Buffet, Warren – Named after one of the most influential and successful investors in the US, Buffet’s methodology is based on studying such aspects as a company’s future research and development budget before making an investment. This is distinct from, for example, the method proposed by Peter Lynch, who recommends looking at retail sales of a product for clues as to the future performance of the manufacturer’s stock. Buffet’s methods have never been revealed by the master himself but have been closely studied, and are often referred to as “Buffetology.” He, too, however, has suffered losses in the financial crisis.
Commodities – Raw goods, such as pork bellies, cattle, oil, etc. that are traded on the market like any other financial instrument, in accordance with fluctuations in supply and demand.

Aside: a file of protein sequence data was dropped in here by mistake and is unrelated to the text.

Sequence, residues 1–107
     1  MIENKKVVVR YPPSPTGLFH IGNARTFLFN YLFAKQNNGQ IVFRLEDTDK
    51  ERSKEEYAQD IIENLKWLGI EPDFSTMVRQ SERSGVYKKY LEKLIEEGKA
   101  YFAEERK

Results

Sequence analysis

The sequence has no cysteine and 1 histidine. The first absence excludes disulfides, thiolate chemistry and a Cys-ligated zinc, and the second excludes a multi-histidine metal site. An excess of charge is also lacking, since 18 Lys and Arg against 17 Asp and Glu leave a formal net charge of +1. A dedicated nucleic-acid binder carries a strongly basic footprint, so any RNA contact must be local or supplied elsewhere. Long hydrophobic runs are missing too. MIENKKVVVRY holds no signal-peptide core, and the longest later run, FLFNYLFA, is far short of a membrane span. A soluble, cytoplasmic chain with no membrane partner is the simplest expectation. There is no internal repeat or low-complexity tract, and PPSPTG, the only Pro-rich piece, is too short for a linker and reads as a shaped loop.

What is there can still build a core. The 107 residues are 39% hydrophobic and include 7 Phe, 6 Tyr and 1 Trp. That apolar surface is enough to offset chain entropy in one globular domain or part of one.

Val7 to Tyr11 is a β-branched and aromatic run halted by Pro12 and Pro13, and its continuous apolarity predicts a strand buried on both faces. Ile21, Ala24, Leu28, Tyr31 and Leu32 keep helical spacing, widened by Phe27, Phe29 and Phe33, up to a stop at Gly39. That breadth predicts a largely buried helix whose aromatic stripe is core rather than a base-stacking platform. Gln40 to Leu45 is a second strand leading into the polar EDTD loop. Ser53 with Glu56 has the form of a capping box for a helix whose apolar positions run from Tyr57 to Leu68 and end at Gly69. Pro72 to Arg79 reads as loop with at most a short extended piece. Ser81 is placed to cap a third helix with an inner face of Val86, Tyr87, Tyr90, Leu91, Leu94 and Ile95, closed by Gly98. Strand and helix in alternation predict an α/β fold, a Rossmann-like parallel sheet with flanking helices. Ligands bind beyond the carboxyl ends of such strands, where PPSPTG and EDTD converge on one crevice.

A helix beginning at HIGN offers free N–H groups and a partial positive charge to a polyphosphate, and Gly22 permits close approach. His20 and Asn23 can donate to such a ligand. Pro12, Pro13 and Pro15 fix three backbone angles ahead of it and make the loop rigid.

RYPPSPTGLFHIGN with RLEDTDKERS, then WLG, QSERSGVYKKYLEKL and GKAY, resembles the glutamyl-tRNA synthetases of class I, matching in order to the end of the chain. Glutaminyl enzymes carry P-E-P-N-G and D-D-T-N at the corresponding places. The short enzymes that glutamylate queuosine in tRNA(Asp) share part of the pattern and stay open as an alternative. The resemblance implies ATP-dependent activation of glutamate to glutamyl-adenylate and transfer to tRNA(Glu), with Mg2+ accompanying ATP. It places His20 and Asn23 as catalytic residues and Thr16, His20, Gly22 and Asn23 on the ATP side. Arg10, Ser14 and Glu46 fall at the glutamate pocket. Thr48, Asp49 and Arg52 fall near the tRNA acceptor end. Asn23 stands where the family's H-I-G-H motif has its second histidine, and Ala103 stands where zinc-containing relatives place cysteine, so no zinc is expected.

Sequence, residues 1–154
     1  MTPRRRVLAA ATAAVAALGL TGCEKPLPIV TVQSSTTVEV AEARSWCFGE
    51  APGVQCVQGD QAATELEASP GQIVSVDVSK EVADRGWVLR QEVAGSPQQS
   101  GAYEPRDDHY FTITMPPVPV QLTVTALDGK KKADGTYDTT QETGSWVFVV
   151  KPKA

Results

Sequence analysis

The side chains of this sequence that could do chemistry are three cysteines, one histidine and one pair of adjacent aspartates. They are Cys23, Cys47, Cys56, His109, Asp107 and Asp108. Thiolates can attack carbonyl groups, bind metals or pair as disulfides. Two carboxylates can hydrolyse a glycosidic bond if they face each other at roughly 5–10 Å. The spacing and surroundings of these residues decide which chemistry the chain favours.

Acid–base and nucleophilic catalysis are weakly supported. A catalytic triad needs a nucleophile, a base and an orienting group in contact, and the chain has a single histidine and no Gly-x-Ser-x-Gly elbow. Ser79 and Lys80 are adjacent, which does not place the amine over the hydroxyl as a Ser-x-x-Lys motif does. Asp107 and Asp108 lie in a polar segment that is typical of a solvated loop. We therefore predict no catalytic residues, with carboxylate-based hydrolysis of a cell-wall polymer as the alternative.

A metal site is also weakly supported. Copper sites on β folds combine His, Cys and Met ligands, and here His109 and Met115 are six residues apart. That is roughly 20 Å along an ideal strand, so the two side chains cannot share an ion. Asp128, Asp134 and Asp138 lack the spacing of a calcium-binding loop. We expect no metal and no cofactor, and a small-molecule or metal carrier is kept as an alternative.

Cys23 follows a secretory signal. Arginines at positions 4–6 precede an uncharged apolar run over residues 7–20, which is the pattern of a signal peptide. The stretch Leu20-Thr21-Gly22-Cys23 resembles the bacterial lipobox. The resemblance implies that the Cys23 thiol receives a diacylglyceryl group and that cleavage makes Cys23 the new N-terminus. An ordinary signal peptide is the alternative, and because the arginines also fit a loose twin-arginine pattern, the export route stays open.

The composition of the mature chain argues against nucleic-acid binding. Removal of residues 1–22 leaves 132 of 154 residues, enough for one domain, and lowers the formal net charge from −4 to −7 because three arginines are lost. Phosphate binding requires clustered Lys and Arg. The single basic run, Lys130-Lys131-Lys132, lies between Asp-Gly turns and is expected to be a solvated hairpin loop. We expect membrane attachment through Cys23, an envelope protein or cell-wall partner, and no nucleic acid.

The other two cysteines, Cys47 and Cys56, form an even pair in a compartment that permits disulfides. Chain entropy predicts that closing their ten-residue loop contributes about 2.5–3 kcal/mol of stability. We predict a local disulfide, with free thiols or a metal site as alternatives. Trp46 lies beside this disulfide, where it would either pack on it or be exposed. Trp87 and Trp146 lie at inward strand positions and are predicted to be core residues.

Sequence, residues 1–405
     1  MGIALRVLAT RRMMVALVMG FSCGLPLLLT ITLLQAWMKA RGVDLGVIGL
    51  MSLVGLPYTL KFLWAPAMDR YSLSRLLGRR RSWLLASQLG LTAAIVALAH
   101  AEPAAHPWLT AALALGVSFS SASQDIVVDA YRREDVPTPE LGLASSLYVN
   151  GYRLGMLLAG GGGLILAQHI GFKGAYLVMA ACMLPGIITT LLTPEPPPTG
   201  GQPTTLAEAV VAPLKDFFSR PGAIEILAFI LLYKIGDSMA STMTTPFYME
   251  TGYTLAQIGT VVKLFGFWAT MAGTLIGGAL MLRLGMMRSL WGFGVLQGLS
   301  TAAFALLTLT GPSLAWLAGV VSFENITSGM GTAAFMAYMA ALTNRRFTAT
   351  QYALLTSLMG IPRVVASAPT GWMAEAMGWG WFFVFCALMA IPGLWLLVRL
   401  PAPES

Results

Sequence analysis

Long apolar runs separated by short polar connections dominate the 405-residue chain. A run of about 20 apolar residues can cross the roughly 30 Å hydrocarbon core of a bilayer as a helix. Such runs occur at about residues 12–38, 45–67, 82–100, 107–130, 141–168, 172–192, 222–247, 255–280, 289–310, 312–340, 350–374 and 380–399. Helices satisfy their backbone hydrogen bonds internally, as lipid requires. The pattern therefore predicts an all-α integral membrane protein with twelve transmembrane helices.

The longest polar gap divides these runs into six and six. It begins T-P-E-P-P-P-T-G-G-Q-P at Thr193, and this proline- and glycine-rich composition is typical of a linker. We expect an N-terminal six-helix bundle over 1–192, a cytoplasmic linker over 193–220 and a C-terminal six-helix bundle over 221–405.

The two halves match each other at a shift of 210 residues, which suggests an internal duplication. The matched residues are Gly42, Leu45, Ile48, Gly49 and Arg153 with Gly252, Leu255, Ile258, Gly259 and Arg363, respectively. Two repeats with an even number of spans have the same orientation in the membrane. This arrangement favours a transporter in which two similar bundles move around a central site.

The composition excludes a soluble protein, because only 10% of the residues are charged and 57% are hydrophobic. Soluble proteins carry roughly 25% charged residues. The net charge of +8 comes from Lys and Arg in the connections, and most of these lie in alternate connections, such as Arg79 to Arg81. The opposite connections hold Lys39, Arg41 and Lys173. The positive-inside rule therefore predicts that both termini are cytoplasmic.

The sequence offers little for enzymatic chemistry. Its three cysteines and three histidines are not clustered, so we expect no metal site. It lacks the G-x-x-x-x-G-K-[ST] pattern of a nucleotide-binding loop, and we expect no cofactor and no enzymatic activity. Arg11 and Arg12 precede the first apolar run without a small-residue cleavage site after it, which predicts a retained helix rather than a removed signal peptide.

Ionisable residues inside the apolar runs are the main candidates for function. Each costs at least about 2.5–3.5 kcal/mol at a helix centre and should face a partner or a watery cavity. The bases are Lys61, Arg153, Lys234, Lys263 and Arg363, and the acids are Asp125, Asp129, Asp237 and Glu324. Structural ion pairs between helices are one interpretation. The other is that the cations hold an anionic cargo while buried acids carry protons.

Deflation – Falling prices; distinct from slowing inflation, where prices are still rising albeit at a slower rate.
Depression – This term entered the vocabulary of economists after it was used by US President Franklin D. Roosevelt in the context of the "Great Depression", a period of widespread poverty and unemployment that followed the stock market crash of 1929. Unlike the word “recession", “depression” has no formal definition.
Derivative – A financial instrument mathematically derived from other, more basic financial instruments, designed to hedge against unexpected losses in the underlying instrument. Examples of derivatives include options, futures, and mortgage-backed securities. Derivatives are a form of statistical arbitrage, in which traders exploit small market anomalies to make a profit.
ECB (European Central Bank) – Established in 1998 and located in Frankfurt, it is the central bank of the Eurozone, i.e. the group of nations that have adopted or are in the process of adopting the euro single currency. The ECB is the sole body with the authority to print euro currency. The president of the ECB is currently French national Jean-Claude Trichet.